EEI president Tom Kuhn and chairman David Ratcliffe presented the 2009 Edison Award to two U.S. utilities. Accepting the award on behalf of their companies were Jose Delgado, CEO of American Transmission Company, and Chuck Shivery, CEO of Northeast Utilities.
The Edison Award recognizes U.S. and international electric companies for outstanding leadership, innovation and advancement of the electric industry. A panel of past electric company CEOs selects the award winners.
American Transmission Company (ATC) owns, operates, builds and maintains the high-voltage electric transmission system serving portions of Wisconsin, Michigan, Minnesota and Illinois. ATC in 2008 completed the Arrowhead-Weston transmission line, a 345-kilovolt, 220-mile-long line between Wausau, WI and Duluth, MN that has significantly improved northern Wisconsin’s reliability while easing constraints on the region’s other major transmission line, the Eau Claire-Arpin line. The new transmission line allows for the movement of larger volumes of lower-cost electricity to utilities and customers. This has led to savings of $5.1 million by electric customers after its first year in service, and the power it brings into the region helps control price spikes. Due to the high efficiency of the new line, the company estimates a savings of 35 megawatts of on-peak usage on neighboring utility systems and that, over a 40-year life span, 5.7 million megawatt-hours of electricity will be saved and 5.3 million tons of carbon dioxide emissions will be prevented.
Northeast Utilities (NU) operates New England’s largest energy delivery system and serves more than 2 million electricity and natural gas customers. Northeast Utilities in 2008 completed a major, multi-year electric transmission upgrade in southwest Connecticut, an area previously considered by the Federal Energy Regulatory Commission as one of the nation’s most severely congested. The upgrade consisted of four transmission line projects—Bethel-Norwalk, Glenbrook Cables, Long Island Replacement Cable, and Middletown-Norwalk. The utility completed and energized Bethel-Norwalk in 2006 and the rest in 2008. Overall, the four projects were finished ahead of schedule and under budget by $80 million. Since completion, the Bethel-Norwalk project already has generated more than $150 million in congestion-related savings. The Middletown-Norwalk line includes the world’s longest 345-kV buried, solid-core cable (24 miles). The Long Island Replacement Cable project includes 11 miles of cable buried six feet under the sea bed.
“At a time when siting transmission lines is one of our industry’s most formidable challenges, we salute the accomplishments of Northeast Utilities and American Transmission Company” said EEI President Thomas R. Kuhn. “The projects these companies undertook were extremely well-executed and serve as strong examples to the rest of the industry. For that reason, NU and ATC are well-deserving of this year’s Edison Award.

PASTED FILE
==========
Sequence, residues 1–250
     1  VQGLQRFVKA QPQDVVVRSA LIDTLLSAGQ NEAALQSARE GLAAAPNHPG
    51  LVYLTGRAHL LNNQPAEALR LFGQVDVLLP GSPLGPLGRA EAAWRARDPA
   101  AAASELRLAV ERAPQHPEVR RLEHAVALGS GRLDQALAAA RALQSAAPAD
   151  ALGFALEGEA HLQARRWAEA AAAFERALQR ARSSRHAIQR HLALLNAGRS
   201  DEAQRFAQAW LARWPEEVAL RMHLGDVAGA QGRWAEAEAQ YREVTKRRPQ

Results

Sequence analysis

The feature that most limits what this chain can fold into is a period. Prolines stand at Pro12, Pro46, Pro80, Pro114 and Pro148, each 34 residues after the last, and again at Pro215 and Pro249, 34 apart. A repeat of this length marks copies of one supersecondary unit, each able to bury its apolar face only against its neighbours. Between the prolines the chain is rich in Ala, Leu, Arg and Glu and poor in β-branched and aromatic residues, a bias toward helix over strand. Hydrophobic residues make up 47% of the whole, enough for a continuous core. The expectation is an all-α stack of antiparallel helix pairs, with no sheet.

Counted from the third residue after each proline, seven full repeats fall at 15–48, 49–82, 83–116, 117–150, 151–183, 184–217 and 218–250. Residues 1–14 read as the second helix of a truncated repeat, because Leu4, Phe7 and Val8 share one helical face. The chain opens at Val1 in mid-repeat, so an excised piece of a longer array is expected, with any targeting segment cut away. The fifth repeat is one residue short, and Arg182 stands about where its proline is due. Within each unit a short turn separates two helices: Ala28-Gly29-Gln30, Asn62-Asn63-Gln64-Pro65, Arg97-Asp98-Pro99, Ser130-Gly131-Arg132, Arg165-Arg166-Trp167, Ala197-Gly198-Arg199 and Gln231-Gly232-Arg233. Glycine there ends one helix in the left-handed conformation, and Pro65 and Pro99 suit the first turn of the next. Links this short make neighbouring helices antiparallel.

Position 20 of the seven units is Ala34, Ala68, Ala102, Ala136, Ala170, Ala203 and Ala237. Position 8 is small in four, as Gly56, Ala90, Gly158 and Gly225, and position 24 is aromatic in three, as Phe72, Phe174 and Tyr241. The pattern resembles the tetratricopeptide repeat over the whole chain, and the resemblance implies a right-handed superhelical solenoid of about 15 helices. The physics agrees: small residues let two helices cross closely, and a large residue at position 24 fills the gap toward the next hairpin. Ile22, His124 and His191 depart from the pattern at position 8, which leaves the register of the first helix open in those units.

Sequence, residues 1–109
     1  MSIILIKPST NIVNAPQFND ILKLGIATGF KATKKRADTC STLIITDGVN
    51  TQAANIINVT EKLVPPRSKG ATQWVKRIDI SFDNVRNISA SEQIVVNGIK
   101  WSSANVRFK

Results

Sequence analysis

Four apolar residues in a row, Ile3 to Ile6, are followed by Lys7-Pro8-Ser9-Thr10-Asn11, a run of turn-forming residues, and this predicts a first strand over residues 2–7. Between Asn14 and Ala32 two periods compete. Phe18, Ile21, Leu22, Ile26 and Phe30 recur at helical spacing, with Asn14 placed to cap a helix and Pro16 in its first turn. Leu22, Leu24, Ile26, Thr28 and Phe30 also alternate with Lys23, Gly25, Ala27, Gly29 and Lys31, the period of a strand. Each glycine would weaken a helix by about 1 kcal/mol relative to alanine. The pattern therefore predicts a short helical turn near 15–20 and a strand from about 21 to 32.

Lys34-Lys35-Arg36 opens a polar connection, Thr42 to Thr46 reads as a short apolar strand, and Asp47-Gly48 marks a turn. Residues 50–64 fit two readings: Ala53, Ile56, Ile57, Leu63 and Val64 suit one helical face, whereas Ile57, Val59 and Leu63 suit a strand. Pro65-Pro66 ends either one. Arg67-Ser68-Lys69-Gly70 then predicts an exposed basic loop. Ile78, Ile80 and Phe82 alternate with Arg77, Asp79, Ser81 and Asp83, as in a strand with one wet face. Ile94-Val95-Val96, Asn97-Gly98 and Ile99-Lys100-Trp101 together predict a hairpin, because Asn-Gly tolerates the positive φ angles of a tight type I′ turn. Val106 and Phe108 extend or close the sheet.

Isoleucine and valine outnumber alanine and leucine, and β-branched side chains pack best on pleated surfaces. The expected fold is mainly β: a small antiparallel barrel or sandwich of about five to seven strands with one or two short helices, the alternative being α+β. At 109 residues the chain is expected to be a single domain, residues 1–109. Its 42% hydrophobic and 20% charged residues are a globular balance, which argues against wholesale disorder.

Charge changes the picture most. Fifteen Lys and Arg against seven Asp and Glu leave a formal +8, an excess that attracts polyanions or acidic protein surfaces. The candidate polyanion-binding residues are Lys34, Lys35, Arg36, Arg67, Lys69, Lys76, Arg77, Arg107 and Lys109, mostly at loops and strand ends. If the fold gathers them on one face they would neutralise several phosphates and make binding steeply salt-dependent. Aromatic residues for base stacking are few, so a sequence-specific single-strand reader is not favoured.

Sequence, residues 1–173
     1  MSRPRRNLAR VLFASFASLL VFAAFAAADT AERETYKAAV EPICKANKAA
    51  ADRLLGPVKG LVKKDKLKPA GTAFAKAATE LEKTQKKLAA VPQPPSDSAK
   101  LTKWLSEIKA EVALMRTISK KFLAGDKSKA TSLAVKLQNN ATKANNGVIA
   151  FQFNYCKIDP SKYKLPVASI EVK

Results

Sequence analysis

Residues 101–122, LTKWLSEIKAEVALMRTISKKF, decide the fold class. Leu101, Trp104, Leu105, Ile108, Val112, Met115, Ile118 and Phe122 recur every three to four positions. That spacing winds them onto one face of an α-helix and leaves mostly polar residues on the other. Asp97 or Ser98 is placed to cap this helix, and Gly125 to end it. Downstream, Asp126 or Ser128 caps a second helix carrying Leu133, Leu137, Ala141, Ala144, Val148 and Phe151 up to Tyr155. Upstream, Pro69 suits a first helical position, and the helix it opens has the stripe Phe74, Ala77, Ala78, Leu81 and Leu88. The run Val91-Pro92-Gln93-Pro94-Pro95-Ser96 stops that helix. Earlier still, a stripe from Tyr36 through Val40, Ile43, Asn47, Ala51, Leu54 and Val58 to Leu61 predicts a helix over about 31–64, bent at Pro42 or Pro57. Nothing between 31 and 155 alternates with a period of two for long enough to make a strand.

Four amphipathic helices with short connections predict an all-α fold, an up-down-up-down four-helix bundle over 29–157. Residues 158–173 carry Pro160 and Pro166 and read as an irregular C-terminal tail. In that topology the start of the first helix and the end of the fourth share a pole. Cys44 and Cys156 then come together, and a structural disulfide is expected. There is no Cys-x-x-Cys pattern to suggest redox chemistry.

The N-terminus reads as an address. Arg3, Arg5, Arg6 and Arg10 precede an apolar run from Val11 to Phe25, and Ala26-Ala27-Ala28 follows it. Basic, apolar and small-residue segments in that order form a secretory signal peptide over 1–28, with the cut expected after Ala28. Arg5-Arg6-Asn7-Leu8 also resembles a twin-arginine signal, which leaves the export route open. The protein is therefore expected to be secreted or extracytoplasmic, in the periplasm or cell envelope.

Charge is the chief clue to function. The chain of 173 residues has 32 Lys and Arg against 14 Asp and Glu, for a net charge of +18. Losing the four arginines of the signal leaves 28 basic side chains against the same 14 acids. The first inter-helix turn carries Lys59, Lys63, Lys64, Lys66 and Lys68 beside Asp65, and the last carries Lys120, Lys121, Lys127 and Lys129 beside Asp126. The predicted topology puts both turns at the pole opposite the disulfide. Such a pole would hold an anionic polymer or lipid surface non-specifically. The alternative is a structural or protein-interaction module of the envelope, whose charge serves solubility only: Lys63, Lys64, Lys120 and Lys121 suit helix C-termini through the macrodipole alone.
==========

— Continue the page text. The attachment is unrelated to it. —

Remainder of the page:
“Both of these companies have succeeded in remarkable reliability efforts, as they have each completed extensive transmission projects to improve reliability and operation for their respective service territories. The need to bring power to customers efficiently continues to be a major concern, and it’s critically important to our energy future that this challenge is addressed.”
David Ratcliffe, chairman, president, and CEO of Southern Company and chairman of the selection committee, presented the 2009 International Edison Award to Comisión Federal de Electricidad (CFE), the Mexican utility. Acepting the award was Alfredo Elias Ayub, CFE director general. The award is given each year in recognition of outstanding leadership, innovation, and advancement of the electric industry.
When a landslide in November 2007 completely blocked the course of the Grijalva River in southeast Mexico, rising waters put the population downstream in grave danger and threatened to damage CFE’s Peñitas hydroelectric power plant. CFE rapidly built a channel to re-connect the river around the natural dam caused by the landslide. The company later had to enlarge the channel while also draining 10 million cubic meters of water from the river without wasting water or affecting the cities downstream. CFE is currently constructing two permanent deviation tunnels connecting the river upstream and downstream from the natural dam in the event of any further blockage. The video developed by the company was impressive.